The news was released on Friday, after the close, going into Columbus Day weekend between the major Jewish holidays.

Multiple links out there, all pretty much repeating the same DJ/AP wire report:

Incidentally, a simple Google search reveals that his email is A message sent earlier did not bounce or generate a typical "out of office" response, which is what I would expect from somebody who was on leave.

And I think it's really odd that you would remove somebody's name from the management roster if it was just a "leave of absence."

His selling of his stock a short while ago suggests that this was not an unplanned departure, or at least not unplanned by him.


Its_strange said...

btc...This "leave of absence" during the busy holiday quarter is just another absurdity in a long list of absurdities. If they do hold a conference call it should be interesting one with many, many listeners. Once again, will the covering analysts get real or just continue embarrassing themselves? Maybe they will pull a no-show

k9thunder said...

Poor Shawn...

Patty had to find the scapegoat, huh?

It sounds like he probably lacked the experience and credential to play CIO role.

Why didn't Patty announce such sr mgmnt change? Being PR hound he is...

You can bet that for the 3rd qtr in a row, IT will be the badboy scapegoat and Patty will say it'll only get better since the poor guy in charge is gone.

Patty will do more cheerleading misleading on 3rd qtr con call about "huge" volume of biz for X-mas season and all to deflect the "bullet" later this month. So I think I'll cover my shorts in late Jan next year when OSTK will show more losses and really can't explain nor scapegoat... But you can bet there will be more diversionary antics.

Its_strange said...

i just tried to get on the Reverend George Saunders website but i couldn't . I'm not having trouble any other place. I'm wondering if he took it down ?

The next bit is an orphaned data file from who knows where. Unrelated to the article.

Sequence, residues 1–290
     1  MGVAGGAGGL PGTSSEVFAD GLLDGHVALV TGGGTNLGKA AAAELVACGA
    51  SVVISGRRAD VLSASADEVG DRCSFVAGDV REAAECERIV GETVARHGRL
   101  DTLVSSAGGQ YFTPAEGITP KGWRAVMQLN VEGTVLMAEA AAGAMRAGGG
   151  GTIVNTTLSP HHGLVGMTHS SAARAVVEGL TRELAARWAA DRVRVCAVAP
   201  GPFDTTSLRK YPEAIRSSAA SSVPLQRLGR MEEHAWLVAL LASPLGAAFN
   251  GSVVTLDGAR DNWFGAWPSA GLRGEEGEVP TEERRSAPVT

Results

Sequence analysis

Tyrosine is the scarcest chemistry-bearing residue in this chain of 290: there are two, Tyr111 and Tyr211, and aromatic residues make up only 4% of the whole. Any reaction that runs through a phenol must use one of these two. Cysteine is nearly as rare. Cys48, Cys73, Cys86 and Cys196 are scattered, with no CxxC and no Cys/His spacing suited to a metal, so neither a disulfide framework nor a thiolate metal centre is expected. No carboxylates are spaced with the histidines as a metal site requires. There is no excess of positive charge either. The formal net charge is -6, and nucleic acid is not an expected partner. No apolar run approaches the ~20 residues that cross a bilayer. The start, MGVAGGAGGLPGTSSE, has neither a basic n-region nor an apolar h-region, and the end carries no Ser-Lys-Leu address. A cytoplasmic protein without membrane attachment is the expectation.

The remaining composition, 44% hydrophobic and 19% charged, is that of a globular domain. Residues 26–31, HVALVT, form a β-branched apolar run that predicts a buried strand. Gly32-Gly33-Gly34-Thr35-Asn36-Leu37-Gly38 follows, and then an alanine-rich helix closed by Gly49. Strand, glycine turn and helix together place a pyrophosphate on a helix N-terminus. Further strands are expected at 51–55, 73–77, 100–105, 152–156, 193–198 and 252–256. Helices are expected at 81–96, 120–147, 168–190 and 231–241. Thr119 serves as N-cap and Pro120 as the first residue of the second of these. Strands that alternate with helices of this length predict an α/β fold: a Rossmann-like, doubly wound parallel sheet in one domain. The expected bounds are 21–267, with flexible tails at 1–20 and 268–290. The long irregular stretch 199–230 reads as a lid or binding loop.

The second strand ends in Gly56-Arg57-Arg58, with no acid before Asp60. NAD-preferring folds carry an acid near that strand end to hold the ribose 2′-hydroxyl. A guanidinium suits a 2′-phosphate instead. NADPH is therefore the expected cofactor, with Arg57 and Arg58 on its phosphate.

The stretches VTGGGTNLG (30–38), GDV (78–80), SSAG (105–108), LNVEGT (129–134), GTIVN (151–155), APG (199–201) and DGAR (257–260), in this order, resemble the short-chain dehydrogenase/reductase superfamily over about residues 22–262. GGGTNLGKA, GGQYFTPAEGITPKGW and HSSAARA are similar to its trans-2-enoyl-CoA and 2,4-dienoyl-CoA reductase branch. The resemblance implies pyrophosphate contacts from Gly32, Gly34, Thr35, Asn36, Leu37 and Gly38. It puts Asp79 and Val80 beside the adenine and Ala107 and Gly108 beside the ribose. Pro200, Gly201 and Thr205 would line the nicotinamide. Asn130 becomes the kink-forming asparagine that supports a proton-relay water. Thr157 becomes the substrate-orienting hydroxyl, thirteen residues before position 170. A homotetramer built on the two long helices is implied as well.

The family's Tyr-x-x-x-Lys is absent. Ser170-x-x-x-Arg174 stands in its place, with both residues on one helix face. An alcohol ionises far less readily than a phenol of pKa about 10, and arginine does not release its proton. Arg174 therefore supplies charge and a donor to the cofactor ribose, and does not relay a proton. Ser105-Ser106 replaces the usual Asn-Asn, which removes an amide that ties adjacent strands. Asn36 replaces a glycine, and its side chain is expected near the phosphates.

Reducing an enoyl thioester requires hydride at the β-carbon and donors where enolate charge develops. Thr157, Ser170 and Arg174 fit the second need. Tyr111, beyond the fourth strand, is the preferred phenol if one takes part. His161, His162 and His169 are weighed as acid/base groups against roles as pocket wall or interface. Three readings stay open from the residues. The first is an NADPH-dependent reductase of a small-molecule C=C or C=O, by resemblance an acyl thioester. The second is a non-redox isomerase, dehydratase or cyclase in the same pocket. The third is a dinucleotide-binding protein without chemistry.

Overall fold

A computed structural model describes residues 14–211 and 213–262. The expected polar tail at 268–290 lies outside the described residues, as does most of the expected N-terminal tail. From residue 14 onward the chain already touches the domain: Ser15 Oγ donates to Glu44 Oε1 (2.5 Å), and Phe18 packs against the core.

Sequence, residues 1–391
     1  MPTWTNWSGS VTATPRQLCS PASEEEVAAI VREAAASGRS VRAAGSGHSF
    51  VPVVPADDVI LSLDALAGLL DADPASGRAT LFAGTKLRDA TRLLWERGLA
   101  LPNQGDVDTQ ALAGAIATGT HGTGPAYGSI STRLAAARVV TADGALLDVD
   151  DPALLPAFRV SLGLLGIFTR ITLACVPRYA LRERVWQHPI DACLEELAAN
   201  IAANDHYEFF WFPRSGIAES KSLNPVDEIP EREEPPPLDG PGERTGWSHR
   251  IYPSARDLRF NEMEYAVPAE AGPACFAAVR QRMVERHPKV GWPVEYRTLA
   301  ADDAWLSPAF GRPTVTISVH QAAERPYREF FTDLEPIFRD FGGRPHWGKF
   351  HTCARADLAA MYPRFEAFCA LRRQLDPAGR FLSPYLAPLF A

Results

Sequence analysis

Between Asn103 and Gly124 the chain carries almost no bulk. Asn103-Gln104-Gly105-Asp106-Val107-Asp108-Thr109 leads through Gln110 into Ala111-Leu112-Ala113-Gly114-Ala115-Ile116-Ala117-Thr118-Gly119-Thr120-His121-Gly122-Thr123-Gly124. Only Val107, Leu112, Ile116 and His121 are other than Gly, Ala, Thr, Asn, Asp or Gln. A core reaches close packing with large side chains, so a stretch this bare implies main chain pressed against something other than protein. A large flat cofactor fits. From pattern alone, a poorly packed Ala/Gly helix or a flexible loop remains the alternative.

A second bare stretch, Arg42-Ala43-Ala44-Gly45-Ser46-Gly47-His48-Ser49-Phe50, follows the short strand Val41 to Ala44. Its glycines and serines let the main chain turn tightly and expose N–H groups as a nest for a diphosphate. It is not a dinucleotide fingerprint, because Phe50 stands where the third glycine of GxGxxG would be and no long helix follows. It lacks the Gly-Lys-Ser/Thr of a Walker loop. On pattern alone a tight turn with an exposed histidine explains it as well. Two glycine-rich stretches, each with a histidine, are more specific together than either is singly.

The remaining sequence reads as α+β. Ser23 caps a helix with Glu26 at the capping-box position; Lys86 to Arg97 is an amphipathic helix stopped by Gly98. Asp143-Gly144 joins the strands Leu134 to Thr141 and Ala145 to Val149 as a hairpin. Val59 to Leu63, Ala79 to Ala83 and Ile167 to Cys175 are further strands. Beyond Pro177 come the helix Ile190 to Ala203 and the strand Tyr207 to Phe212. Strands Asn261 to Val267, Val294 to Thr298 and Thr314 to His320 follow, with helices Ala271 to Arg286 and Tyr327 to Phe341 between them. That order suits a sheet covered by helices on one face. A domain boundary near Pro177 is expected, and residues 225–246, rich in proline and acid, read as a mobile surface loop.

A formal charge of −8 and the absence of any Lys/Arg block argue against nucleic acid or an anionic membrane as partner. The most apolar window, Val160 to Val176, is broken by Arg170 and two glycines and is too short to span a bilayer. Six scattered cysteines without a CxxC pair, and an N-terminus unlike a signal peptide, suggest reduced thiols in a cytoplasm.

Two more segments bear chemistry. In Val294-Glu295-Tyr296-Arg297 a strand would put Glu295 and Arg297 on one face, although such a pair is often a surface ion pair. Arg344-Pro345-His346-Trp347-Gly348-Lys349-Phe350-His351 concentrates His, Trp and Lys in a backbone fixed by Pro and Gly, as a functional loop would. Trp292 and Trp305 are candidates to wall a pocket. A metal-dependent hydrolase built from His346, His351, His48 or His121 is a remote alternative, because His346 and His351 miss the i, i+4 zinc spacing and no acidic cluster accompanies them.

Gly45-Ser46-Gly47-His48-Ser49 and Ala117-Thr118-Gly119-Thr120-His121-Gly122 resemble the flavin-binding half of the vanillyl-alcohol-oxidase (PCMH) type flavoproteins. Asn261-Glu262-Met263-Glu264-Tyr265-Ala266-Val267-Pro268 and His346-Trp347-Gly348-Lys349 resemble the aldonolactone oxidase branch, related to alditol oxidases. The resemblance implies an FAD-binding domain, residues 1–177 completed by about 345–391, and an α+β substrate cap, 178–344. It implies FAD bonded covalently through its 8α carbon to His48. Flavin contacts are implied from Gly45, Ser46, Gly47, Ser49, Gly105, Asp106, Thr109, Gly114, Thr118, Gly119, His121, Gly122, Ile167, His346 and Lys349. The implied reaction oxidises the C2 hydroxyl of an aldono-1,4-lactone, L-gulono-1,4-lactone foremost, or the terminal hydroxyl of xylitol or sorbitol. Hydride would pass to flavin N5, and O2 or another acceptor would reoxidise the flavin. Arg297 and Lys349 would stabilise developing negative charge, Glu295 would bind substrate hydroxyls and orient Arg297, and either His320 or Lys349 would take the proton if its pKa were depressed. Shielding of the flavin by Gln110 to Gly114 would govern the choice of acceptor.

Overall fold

But his brother Phil just wrote a review for a book he wrote with his brother George..He reviews his own book ! He did so Oct 05 , 2005 .lol !

i wonder how many message board posters were really just him and the revernend ?

BelowTheCrowd said...

It's Strange,

Absolutely absurd. CIO's do not take large blocks of time off during a company's "busy time."

At least they don't do it without a strong #2 to backfill the job.

So far no indication that any such strong #2 IT guy exists.

Once again it's bad news, once again it's announced Friday after the close, once again it isn't worth filing an 8K over...

Transparent indeed...


canceled111111 said...

Byrne's Motley Fool post on Shawn:

D) IT? Stuff happens. Shawn is awesome, and got us through a massive re-architecture over the last two years. First, he got us through a period when our then current systems were redlining so badly we were in danger of imploding. Second, he got us onto a set of systems that scale horizontally and vertically for the foreseeable future (see my Q2 conference call for greater detail). Third, we had reached the point where our code writing was log-jammed: it was taking longer and longer to add new features besides so much of the code was just hard-wired patches. This is not completely fixed yet, incidentally: still, large elements of our code base have gotten transformed, made modular, upgraded, or been replaced by professional third party packages. Not bad for two years' work. And not bad for a tiny fraction of the cost of our competitors.